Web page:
Background: Fractional flow reserve (FFR)-guided treatment has been demonstrated to improve percutaneous coronary intervention (PCI) results. However, little is known on the long-term impact of low post-PCI FFR. Methods: This is a large prospective all comers study evaluating the impact of post-PCI FFR on clinical outcomes. All patients undergoing successful PCI were eligible for enrollment. FFR measurements were performed immediately after PCI when the operator considered the angiographic result acceptable and final. No further action was undertaken based on the post-PCI result. Suboptimal post-PCI FFR was defined as FFR<0.90. The primary end point was major adverse cardiac events, a composite of cardiac death, any myocardial infarction, or any revascularization at 2-year follow-up. Secondary end points were target vessel revascularizations and stent thrombosis and the separate components of the primary end point. Results: A total of 1000 patients were enrolled. Post-PCI FFR was successfully measured in 1165 vessels from 959 patients. A poststenting FFR<0.90 was observed in 440 vessels (37.8%). A total of 399 patients had at least 1 vessel with FFR<0.90 post-PCI. At 2-year follow-up, a patient level analysis showed no association between post-PCI FFR and major adverse cardiac event (hazard ratio [HR], 1.08 [95% CI, 0.73-1.60], P=0.707), cardiac death (HR, 1.55 [95% CI, 0.72-3.36], P=0.261), any myocardial infarction (HR, 1.53 [95% CI, 0.78-3.02], P=0.217). A vessel level analysis showed a higher rate of target vessel revascularization (HR, 1.91 [95% CI, 1.06-3.44], P=0.030) and a tendency toward higher rate of stent thrombosis (HR, 2.89 [95% CI, 0.88-9.48], P=0.081) with final post-PCI FFR<0.90. Conclusions: Suboptimal post-PCI FFR has only a moderate impact on major adverse cardiac event but coronary arteries with a post-PCI FFR<0.90 have a higher rate of target vessel revascularization.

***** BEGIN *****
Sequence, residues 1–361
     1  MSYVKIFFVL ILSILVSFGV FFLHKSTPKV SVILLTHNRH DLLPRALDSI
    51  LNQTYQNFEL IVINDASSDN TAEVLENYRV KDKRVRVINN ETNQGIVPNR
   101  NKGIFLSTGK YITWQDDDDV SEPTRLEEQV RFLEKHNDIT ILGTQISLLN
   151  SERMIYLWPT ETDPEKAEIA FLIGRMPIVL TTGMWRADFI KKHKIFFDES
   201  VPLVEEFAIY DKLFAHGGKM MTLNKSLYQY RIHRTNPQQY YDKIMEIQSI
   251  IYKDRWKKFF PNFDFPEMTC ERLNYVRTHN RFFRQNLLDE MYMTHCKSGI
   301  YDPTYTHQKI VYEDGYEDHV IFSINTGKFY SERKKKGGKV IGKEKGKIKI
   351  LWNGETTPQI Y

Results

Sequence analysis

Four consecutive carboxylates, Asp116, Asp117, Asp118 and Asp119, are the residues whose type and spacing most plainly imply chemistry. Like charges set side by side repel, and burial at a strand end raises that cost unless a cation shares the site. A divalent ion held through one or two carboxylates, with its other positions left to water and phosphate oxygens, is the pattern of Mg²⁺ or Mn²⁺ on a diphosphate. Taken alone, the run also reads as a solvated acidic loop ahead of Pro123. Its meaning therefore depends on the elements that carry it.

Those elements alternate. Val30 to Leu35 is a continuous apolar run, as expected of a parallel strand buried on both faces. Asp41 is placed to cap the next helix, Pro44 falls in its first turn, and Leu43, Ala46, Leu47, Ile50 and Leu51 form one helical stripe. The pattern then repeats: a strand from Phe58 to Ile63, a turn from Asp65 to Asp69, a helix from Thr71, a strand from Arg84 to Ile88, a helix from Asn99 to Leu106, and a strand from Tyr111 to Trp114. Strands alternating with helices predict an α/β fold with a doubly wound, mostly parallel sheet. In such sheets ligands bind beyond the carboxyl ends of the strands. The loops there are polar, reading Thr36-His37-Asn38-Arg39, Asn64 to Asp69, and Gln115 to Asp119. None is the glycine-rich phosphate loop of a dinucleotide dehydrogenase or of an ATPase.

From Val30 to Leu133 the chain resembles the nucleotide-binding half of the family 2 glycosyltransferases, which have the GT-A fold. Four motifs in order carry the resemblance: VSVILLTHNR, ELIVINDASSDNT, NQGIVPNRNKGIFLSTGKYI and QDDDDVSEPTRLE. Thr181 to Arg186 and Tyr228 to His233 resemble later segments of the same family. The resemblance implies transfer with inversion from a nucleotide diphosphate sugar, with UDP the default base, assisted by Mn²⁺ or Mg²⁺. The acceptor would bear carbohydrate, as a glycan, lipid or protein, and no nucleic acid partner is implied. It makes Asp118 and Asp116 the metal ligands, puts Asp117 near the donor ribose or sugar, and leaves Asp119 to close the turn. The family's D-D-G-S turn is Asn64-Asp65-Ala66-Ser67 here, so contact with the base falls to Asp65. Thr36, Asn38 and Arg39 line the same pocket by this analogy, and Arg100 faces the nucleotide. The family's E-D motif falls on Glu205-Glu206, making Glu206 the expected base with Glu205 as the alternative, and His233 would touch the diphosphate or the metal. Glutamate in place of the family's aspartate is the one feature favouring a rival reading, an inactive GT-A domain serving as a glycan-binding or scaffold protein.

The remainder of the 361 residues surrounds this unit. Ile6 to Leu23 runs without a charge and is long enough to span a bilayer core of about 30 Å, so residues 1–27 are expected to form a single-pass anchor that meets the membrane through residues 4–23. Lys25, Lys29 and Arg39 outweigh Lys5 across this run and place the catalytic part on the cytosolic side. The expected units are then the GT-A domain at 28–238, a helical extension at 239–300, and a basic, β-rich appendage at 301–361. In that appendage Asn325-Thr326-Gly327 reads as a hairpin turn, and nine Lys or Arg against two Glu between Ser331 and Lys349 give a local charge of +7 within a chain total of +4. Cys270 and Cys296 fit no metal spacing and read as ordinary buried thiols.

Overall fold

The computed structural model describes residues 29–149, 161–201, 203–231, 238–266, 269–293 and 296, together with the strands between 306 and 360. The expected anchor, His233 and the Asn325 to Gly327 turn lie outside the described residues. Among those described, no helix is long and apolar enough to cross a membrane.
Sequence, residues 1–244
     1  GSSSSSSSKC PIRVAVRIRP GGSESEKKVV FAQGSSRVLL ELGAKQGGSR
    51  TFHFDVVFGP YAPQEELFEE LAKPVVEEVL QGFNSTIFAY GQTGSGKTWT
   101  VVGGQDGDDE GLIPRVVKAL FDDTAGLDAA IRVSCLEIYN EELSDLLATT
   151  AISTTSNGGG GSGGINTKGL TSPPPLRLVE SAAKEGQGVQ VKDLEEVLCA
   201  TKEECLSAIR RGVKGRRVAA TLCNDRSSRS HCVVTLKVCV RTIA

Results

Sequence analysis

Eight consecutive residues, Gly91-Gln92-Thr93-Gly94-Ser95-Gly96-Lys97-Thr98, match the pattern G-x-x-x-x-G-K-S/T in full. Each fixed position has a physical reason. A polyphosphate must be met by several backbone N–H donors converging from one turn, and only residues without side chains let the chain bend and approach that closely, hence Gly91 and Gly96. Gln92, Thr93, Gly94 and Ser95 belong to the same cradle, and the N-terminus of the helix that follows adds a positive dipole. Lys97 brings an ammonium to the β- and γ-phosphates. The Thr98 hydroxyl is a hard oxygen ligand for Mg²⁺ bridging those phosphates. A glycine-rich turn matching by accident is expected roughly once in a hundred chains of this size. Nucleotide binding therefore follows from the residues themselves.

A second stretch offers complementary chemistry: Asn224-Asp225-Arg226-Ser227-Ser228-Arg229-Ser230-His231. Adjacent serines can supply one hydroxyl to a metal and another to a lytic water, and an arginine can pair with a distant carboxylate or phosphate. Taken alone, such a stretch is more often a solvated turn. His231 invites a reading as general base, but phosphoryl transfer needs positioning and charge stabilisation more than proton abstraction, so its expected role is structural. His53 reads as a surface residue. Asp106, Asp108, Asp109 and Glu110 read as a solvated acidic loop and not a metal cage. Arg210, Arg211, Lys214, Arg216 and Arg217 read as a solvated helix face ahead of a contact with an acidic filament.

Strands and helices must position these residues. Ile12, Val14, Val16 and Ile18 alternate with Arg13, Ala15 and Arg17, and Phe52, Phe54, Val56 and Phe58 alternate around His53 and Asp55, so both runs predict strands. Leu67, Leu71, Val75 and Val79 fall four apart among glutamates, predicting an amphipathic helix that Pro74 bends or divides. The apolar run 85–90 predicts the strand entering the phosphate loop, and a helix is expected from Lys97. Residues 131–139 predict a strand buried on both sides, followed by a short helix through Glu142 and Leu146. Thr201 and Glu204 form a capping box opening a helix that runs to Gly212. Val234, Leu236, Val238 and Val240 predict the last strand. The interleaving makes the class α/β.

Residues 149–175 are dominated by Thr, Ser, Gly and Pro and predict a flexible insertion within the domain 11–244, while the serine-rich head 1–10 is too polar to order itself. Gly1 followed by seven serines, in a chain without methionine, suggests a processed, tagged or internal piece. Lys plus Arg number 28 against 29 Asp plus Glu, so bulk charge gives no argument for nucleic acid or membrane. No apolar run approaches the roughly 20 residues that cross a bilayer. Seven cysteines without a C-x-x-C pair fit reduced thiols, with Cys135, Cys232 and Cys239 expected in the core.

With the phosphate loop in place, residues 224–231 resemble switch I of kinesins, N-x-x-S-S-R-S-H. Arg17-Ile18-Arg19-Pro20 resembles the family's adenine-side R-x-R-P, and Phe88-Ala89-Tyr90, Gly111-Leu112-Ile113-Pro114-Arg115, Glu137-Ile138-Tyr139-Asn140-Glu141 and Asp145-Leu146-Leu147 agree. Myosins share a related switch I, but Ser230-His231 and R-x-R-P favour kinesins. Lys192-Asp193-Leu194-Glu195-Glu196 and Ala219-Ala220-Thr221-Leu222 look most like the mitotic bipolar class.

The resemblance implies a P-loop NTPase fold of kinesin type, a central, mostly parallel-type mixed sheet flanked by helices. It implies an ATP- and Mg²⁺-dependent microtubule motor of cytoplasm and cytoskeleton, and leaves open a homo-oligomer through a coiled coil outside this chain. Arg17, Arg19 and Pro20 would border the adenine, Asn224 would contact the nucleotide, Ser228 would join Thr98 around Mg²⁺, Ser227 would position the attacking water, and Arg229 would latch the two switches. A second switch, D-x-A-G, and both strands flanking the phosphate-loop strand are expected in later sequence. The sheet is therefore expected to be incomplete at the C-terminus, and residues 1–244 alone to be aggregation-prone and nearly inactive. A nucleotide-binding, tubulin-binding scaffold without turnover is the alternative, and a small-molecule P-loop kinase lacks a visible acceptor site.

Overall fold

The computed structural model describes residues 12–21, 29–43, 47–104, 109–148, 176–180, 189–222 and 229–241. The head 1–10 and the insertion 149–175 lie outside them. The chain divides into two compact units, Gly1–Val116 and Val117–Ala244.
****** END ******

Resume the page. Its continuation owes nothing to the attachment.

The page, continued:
|Journal||Circulation: Cardiovascular Interventions|
|Publication status||Published - Mar 2021|
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